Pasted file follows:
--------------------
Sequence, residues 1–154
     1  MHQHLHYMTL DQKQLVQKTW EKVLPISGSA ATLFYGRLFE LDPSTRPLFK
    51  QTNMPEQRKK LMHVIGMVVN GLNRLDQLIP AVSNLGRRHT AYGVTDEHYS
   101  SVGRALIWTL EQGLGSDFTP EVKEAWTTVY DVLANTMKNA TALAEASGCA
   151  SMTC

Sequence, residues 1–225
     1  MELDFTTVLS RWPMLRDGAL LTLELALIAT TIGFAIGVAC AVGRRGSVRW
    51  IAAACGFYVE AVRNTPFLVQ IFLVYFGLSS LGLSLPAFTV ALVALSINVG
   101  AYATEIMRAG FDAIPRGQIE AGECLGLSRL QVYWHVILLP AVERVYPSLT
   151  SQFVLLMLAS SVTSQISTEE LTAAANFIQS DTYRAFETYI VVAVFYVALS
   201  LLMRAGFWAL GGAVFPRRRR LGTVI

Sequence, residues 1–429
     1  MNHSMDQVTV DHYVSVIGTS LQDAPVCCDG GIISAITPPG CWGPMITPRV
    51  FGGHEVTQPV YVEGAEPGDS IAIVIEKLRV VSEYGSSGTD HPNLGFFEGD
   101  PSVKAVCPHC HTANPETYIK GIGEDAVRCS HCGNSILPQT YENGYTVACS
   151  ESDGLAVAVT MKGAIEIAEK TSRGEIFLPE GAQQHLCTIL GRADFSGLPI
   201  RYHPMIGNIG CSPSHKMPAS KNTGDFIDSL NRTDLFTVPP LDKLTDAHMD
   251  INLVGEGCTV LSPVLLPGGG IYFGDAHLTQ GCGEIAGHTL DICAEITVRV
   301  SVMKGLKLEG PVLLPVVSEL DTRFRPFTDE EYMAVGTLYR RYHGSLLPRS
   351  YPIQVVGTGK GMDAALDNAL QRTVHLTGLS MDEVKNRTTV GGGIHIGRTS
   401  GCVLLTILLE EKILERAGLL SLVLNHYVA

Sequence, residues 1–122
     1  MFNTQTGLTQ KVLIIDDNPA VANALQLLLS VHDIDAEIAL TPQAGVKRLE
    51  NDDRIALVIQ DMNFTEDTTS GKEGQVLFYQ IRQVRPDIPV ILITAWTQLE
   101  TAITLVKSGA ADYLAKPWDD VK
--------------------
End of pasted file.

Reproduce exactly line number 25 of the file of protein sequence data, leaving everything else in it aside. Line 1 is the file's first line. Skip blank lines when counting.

   101  TAITLVKSGA ADYLAKPWDD VK